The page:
6 Ways to Turn Challenges into Opportunities

For a startup, facing challenges is inevitable. In a world that is constantly changing, entrepreneurs must prepare to adapt. How can businesses overcome obstacles and thrive?

A Lassonde for Life Workshop titled “From Seeing Challenges to Opportunity” answers this question. Lassonde for Life is a free and life-long support program created to aid University of Utah alumni entrepreneurs. Stephanie Geisler presented this workshop and is an executive coach for Salt Lake City Business Leaders. She has co-owned four companies and was the executive director of the University of Utah Master of Business Administration program for five years.

Overcoming difficulty was crucial to Geisler’s success. In 2006, Geisler founded a startup and grew it to $25 million in revenue by 2008. The company’s significant growth was phenomenal, a phase Geisler describes as “an exciting and scary time.” She began to think about selling the company and getting ready to bring it to market. However, excitement faded when sales slowed in mid-2008. Amidst a global recession, Geisler’s company, like many others at the time, had to navigate an economic downturn to survive.

Then, in January 2009, Geisler witnessed a news story from the television screen. A plane had landed in the Hudson River. The flight lost both engines in a bird strike. The pilot, Captain Sully, executed a landing, saving 151 passengers on board. How the pilot processed his options, determined the plan, and executed a landing never done before sparked curiosity. Inspired by this story, Geisler studied the leadership strategies of Sully. She aimed to learn how to navigate her company out of uncertainty and land safely.

Here is what Geisler learned from these experiences and research about how to turn challenges into opportunities:


Whether an economic recession, global epidemic, or natural disaster, anything imaginable can impact a company. The best way to remain resilient to challenges is to prepare. A business can develop prior learning, mental fortitude, and trusting relationships and succeed.


Prior knowledge is part of being ready when disaster strikes. For Captain Sully, years of training and education helped him navigate an unexpected situation smoothly. Without hours spent developing technical skills, he would not have been able to keep the plane intact and his flight under control. Similarly, businesses must prepare for the possibility of disasters.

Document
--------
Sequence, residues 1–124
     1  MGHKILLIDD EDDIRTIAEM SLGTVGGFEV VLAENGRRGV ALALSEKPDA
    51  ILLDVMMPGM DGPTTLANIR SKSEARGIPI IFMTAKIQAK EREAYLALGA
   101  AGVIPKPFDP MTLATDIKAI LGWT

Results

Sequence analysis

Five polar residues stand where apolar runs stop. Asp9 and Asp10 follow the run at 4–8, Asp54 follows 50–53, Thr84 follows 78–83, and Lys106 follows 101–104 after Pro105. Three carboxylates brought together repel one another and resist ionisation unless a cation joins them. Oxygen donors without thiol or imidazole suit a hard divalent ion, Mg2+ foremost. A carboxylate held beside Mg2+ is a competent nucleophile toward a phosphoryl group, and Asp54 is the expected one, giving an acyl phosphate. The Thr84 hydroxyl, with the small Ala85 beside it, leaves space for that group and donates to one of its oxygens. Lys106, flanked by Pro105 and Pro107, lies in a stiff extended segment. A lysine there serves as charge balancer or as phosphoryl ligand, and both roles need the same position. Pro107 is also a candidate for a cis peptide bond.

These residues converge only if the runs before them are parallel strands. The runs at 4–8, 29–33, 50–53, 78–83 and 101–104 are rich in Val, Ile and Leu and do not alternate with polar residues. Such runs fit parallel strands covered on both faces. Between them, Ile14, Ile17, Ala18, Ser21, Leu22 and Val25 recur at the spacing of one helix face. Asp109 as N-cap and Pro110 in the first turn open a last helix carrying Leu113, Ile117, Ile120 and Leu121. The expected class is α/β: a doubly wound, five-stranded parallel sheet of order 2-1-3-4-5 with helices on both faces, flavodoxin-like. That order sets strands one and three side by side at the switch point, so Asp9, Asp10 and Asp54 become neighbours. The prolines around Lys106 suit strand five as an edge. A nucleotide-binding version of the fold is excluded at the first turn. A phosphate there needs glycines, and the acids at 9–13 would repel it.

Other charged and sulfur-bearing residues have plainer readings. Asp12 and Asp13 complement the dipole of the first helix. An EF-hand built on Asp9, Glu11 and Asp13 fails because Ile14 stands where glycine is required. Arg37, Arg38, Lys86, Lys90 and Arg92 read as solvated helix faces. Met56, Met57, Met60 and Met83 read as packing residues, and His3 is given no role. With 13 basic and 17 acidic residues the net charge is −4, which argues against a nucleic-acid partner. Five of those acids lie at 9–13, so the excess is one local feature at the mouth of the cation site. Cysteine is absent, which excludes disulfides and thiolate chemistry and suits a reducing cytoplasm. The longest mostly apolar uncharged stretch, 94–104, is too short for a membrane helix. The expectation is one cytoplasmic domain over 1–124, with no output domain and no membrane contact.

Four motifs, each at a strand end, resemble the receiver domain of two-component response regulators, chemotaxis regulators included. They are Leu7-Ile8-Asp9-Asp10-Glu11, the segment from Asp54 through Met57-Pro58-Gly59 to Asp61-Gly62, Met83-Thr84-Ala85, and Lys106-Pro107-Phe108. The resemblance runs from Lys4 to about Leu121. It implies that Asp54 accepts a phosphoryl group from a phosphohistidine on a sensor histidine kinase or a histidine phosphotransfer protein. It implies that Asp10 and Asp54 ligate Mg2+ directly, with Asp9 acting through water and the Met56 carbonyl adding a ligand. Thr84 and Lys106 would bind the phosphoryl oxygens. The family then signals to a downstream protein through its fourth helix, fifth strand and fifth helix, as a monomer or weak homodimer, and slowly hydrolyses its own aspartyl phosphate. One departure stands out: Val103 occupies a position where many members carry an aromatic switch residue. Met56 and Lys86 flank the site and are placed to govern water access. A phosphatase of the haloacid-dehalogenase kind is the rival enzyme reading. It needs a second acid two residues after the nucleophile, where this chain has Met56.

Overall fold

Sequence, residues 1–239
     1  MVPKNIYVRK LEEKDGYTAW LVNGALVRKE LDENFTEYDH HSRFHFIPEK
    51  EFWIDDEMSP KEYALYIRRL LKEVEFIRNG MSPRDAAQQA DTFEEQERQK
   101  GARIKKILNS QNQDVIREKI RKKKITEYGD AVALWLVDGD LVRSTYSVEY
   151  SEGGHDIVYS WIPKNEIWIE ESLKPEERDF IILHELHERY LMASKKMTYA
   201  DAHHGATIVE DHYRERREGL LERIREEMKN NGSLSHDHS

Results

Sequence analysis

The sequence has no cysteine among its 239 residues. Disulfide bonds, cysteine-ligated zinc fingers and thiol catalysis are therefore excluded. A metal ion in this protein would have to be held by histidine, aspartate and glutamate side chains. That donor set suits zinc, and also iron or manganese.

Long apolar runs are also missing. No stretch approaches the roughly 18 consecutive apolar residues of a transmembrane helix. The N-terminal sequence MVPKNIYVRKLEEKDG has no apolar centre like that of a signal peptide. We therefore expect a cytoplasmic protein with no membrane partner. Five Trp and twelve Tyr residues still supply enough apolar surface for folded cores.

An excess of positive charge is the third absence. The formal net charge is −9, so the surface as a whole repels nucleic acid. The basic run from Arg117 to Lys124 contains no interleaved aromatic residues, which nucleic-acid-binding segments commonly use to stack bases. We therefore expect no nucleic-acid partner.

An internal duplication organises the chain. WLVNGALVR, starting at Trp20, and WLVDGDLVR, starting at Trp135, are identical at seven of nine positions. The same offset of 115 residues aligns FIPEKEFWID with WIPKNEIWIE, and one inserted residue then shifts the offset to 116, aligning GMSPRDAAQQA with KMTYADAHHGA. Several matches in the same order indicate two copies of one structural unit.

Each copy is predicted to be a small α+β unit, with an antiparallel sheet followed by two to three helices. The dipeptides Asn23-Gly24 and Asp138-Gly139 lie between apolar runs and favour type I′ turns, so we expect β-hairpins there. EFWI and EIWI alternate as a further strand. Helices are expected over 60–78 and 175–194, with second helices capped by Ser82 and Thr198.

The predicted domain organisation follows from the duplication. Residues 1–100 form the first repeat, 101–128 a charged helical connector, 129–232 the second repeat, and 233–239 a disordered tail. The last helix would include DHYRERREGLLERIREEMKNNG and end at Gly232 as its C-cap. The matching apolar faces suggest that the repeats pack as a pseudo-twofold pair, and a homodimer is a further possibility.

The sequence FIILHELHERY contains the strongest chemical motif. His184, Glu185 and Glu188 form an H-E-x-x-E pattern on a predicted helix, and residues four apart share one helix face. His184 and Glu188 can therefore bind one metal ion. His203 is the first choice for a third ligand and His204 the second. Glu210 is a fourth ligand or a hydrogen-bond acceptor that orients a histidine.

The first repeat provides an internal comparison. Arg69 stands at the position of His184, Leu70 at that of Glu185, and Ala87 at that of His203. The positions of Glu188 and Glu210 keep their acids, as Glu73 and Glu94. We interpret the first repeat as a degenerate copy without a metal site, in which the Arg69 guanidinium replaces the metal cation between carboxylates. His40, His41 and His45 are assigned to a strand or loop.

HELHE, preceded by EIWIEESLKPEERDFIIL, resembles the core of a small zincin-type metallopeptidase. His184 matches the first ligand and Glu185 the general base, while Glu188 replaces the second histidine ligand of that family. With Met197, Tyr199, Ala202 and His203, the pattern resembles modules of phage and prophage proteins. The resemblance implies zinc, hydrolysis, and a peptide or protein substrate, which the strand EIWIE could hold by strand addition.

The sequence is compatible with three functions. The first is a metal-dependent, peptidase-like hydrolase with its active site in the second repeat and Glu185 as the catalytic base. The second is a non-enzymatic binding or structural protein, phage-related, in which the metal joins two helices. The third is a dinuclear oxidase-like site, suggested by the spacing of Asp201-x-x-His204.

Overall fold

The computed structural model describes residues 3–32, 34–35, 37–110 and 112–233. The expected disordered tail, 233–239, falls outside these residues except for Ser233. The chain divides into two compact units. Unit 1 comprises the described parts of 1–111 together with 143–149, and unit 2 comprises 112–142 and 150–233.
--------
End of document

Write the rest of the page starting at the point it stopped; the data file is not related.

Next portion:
Mental Fortitude

A strong mind keeps situations under control and often propels positive outcomes. Calm is necessary for combating chaos. Sully’s mindset kept him collected in a high-pressure circumstance. In 2009, this mindset was an example for Geisler. For her, having a good mindset was difficult when her startup’s sales and revenue began to drop. The quick growth and team expansion stacked the stakes high. Knowing her decisions would affect many lives was nerve-racking.

Mental fortitude is the biggest obstacle Geisler sees CEOs struggle with. Geisler says entrepreneurs must learn “how to get a handle on this mind that doesn’t always work in our favor.” When people are under pressure, executive thinking and judgment are weak. Staying calm under pressure is a skill worth practicing. Maintaining a calm mindset is critical for entrepreneurs but often a difficult step.

Build Relationships and Trust

Captain Sully invested time in building trust with others. Amidst the disaster, everyone from crew to air traffic control trusted him to lead. In moments of pressure, relationships are often tested and thus must be strong beforehand. Deep trust is developed over time, not in moments of crisis. Work environments must foster trusting relationships. This ensures teams can work together, listen to leaders, and navigate challenging times together.

Be Ready for Your Four Minutes

For Captain Sully, his four minutes were the seconds between losing two engines and saving 151 lives. For Geisler, it was navigating her company through a period of recession. Every entrepreneurial experience is different and will involve different challenges.

Entrepreneurs can best prepare through small steps in learning, strengthening mental fortitude, and building relationships. Geisler says, “If we are ready for those four minutes, we can turn something that is a challenge that we wouldn’t have wished for into an opportunity where we can make a big impact.” Lifelong awareness, assessing current circumstances, and actively improving can enable growth.

Adapt and Succeed

Geisler believed it was time to sell her company in 2008. However, she understood that adapting to a changing economy was necessary. In the end, she sold it in 2011. Despite a different-than-original plan, calm and steady leadership guided a successful landing. Now an experienced entrepreneur, Geisler coaches 29 CEOs in Utah through challenges.

About the Author:

Abigail Cheney Originally from Connecticut, Abigail Cheney came to the University of Utah for their esteemed entrepreneurship and marketing programs. She is passionate about startups and entrepreneurial exploration. Her enthusiasm aligns with writing and additional artistic endeavors. Connect on LinkedIn.

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